Opened 11 years ago

Closed 11 years ago

Last modified 11 years ago

#5713 closed (wontfix)

Template language lacks means to display trees as nested structures

Reported by: NickMoffitt Owned by: nobody
Component: Template system Version: 0.96
Severity: Keywords: recursion
Cc: Triage Stage: Unreviewed
Has patch: no Needs documentation: no
Needs tests: no Patch needs improvement: no
Easy pickings: no UI/UX: no


I have a fairly simple need: to display tree-structured data as nested tags. For my example, I'll propose that what is displayed is a list of links to messages in a complicated thread structure. This is clearly a display logic problem, and is thus the province of the template system. This is also common enough of a problem that I do not feel it should be necessary to cobble together custom template tags to meet my needs.

The core problem is that the templating language does not support recursion or even the mutable structures necessary to simulate it. If I had some sort of stack that I could work with, this would be a solvable problem. I understand that this is probably good for performance reasons, and it prevents endless loops and runaways that are probably more dangerous in a template than in other places.

In the #django channel on freenode, I received many helpful proposals: Recursive loading of templates was one, although this was pointed out as being something of a performance nightmare.

Another was to serialize my data into a traversal, with tags showing indent and outdent. The trouble with this is that there's no easy way with the built-in tags and filters to do something like say "print as many </ol> tags as the value in message.outdent". To avoid completely embedding HTML in my structures, I had to make the outdent properties into lists, so that I could iterate over them in a for loop and print a closing tag each time. This is plainly bogus, but it gets the job done without needing any custom tags.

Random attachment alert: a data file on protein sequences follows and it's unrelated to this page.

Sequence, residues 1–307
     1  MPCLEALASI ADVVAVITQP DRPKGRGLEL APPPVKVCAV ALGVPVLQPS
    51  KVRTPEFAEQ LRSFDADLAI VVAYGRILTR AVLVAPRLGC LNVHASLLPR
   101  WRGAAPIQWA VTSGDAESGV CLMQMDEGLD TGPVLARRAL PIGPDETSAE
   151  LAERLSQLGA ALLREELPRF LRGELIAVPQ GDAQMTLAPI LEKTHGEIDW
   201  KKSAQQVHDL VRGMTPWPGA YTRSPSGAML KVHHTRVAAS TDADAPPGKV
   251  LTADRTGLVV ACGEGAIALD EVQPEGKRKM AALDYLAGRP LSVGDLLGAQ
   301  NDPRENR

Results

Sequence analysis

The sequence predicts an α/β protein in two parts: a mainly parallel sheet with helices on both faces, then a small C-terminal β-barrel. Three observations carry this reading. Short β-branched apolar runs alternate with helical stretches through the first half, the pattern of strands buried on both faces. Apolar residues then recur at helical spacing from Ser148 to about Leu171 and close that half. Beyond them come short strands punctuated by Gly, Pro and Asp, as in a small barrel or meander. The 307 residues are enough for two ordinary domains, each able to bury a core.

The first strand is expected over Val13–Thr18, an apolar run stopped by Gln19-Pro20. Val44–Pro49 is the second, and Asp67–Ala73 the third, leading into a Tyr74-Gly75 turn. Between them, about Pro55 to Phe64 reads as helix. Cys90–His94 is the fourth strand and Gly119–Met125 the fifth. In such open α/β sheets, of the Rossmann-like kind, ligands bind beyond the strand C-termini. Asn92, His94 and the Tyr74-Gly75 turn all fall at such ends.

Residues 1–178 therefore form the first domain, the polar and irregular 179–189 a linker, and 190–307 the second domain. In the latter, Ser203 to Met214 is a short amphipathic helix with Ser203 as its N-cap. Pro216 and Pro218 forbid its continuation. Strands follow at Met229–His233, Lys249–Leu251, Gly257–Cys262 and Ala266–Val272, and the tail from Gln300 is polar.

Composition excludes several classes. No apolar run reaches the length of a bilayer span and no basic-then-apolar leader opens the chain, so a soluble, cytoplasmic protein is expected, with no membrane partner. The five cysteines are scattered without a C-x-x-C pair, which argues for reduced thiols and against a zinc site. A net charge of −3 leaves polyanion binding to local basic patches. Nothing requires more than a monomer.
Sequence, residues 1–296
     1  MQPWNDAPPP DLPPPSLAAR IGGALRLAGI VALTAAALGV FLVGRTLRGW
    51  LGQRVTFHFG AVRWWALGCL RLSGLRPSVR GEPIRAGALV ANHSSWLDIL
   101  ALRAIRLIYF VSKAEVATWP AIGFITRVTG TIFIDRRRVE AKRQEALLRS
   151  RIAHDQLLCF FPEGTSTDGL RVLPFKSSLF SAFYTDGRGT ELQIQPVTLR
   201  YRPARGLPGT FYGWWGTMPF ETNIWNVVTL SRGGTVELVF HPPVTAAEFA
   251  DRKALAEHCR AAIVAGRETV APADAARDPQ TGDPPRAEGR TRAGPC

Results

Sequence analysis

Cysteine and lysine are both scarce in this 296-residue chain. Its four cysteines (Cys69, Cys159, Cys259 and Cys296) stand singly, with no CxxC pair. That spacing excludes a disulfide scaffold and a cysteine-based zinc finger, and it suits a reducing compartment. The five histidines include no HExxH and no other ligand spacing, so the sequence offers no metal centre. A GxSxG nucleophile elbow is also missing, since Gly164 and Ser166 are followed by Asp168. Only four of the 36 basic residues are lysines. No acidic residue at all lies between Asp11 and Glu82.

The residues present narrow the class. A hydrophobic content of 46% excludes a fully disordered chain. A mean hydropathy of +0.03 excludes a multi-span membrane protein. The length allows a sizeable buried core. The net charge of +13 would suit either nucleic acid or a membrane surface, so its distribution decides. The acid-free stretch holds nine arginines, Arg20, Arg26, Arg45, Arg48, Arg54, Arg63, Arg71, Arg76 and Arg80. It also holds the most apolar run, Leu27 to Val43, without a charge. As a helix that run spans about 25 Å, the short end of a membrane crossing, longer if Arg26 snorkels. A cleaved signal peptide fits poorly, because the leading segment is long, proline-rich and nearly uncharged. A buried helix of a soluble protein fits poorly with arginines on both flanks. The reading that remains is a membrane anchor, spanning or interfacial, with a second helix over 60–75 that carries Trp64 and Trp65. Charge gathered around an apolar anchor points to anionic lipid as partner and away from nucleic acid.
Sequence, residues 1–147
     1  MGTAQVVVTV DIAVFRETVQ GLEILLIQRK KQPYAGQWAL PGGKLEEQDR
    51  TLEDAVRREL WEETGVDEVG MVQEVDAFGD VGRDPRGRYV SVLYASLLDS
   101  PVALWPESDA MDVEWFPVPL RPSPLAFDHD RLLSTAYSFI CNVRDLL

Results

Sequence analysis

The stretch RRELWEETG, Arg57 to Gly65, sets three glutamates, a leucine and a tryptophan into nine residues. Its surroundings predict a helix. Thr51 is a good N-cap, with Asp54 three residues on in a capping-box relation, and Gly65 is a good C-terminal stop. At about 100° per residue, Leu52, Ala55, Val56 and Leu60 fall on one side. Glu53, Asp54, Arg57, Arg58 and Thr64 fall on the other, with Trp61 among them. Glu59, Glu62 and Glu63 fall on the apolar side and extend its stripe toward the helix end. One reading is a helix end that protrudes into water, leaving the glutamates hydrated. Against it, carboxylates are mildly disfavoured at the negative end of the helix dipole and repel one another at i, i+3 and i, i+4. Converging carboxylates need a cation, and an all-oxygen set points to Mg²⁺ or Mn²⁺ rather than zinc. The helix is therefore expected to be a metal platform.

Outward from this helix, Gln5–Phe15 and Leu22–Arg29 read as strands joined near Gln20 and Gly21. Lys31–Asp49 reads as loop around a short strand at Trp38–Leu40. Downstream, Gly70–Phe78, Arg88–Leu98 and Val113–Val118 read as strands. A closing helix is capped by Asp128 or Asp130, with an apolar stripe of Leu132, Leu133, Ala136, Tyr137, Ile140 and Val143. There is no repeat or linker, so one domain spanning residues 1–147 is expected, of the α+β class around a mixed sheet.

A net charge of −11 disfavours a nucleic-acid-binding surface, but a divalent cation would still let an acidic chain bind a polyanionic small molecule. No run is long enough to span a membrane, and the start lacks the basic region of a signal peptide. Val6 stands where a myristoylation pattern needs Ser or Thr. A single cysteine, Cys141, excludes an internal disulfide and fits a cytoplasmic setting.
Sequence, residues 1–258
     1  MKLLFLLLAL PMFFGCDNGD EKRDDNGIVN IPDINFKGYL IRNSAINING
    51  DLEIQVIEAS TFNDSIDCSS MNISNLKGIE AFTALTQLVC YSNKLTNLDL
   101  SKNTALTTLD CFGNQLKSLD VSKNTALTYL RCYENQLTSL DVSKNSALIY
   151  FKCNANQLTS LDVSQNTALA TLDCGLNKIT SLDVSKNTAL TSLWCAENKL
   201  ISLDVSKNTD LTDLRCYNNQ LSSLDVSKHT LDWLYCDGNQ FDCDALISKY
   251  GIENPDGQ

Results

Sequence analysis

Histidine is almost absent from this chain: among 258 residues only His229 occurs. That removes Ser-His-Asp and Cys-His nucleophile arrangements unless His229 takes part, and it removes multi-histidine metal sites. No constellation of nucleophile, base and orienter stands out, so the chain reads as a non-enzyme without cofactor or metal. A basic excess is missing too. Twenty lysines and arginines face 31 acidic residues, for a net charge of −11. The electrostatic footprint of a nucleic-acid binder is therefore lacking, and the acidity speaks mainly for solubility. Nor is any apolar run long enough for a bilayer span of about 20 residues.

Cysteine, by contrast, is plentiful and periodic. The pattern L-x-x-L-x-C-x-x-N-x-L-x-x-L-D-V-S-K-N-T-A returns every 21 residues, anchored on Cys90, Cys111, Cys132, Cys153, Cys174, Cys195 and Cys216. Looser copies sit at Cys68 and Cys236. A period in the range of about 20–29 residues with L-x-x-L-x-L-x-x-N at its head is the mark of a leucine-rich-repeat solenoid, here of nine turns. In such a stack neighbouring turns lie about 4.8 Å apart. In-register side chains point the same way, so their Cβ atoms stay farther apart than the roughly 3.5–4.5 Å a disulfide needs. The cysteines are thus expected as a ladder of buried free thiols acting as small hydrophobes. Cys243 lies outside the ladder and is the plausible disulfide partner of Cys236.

I often see people ask "why are you so reluctant to write a custom tag?" in response to questions about the template system. Perhaps the frequency of this question is a hint that the base tag and filter set need to be fleshed out a little better. in the channel someone noticed that jinja has tackled this problem using loop recursion tags.

Change History (4)

comment:1 Changed 11 years ago by NickMoffitt <nick@…>

Well, finally I seem to have convinced this system that the above is not spam. This has been a uniquely frustrating experience.

comment:2 Changed 11 years ago by Collin Grady <cgrady@…>

The fact that people recommend you to write a custom tag doesn't mean this belongs in the base template system - recursion is not a common request that I've seen :)

However, it is indeed quite easy to make an inclusion tag that recurses, and it works fine. In addition, the behavior you need on each recursion step is always going to be custom, so it'd be kind of hard to make one tag that could do it nicely (though I don't know how jinja does it, they tend to go waaaay beyond what the django template language is out to do).

comment:3 Changed 11 years ago by Malcolm Tredinnick

Resolution: wontfix
Status: newclosed

Collin's pretty much nailed it: the requirements for recursive display are too varied for a single tag. Each situation is going to need some customisation. Writing a custom tag really is the right approach and we've made that fairly easy to do.

comment:4 Changed 11 years ago by James Bennett

(incidentally, you can avoid the spam filter entirely by registering an account for the Django Trac:

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